Location: Bio-oils ResearchTitle: Processing of Brassica seeds for feedstock in biofuels production Author
Submitted to: Association for the Advancement of Industrial Crops Conference
Publication Type: Abstract Only
Publication Acceptance Date: 7/21/2016
Publication Date: 9/24/2016
Citation: Evangelista, R.L., Isbell, T., Gesch, R.W., Cermak, S.C. 2016. Processing of Brassica seeds for feedstock in biofuels production [abstract]. Association for the Advancement of Industrial Crops Conference. 81.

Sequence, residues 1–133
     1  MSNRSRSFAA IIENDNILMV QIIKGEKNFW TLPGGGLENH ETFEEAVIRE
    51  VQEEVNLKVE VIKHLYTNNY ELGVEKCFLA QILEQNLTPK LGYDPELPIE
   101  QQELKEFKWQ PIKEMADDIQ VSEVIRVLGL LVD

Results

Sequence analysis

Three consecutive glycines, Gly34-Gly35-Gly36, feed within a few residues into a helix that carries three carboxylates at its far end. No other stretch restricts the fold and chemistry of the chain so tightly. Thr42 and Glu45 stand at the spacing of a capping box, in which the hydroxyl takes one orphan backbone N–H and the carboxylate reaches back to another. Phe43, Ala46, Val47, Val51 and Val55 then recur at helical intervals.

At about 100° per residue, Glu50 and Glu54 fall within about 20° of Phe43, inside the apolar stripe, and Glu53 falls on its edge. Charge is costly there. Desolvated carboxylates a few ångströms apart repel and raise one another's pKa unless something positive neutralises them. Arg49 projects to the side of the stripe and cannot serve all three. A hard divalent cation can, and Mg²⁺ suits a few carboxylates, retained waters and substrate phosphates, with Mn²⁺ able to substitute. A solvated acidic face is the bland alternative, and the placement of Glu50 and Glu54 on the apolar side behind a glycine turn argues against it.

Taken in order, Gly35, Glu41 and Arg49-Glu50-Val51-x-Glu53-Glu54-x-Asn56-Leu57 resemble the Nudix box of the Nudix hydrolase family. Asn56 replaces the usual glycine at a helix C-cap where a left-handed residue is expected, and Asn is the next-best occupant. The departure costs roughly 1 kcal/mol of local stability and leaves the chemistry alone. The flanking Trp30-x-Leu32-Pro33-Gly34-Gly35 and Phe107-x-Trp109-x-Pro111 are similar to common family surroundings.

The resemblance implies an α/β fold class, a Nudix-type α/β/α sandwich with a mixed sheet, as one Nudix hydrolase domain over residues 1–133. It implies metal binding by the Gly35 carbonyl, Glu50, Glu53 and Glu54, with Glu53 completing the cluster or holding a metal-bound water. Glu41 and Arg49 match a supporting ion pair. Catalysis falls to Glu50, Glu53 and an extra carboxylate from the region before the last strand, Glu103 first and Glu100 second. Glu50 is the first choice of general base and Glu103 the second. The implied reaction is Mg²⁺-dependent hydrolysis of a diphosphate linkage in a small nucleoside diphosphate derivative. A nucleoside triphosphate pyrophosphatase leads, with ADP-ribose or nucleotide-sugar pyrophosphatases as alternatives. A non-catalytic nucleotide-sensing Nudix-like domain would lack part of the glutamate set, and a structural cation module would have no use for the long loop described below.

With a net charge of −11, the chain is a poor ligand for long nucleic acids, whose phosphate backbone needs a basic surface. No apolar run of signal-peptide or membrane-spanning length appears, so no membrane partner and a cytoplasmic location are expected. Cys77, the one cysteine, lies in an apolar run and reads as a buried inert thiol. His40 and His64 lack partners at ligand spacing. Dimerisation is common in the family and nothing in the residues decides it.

Technical Abstract: Several Brassica species are currently being evaluated to develop regionalized production systems based on their suitability to the environment and with the prevailing practices of growing commodity food crops like wheat, corn, and soybeans. This integrated approach to farming will provide high quality oil feedstock for biofuel and simultaneously improve the rural economy. Aside from their agronomic differences, the Brassica species selected produce seeds with varying oil content and fatty acid composition. Brassica napus (Invigor L130) and B. juncea (Oasis) seeds contain around 46% oil with oleic acid (C18:1) as their main fatty acid. Brassica carinata (AAC A110) and B. napus (Gem) seeds also have 46% oil with 40 and 46% erucic acid (C22:1), respectively. Brassica juncea (Pacific Gold) seeds have 40% oil with the same amounts (~20%) of oleic, linoleic (C18:2), and erucic acids. Camelina sativa (Joelle) oil contains 57% polyunsaturated fatty acids of which 63% is linolenic acid (C18:3). Thlaspi arvense oil also contains 60% monounsaturated fatty acids (MUFA) of which 78% are = 20 carbons. Sinapis alba (Tilney) seeds have the lowest oil content (27%) but also the highest MUFA (69%) of which 84% are oleic and erucic acids. This work evaluated the quality of the extracted and refined oils. The oil refining process included acid-degumming, fatty acid neutralization with NaOH, and bleaching with activated clay. The phospholipids in the crude oils were effectively reduced by acid-degumming and further lowered below detection level (phosphorus < 5 ppm) after bleaching. The crude oil of T. arvense had the highest sulfur content (144 ppm) followed by Pacific Gold (54 ppm) and the rest were = 20 ppm. The reduction in sulfur content varied with each cultivar. Thlaspi arvense (56 ppm), B. juncea (Pacific Gold) (11 ppm), and B. carinata (10 ppm) had the highest remaining sulfur after bleaching. The extent of oil refining needed for feedstock oils will depend on the type of fuel to be produced and the conversion technology involved.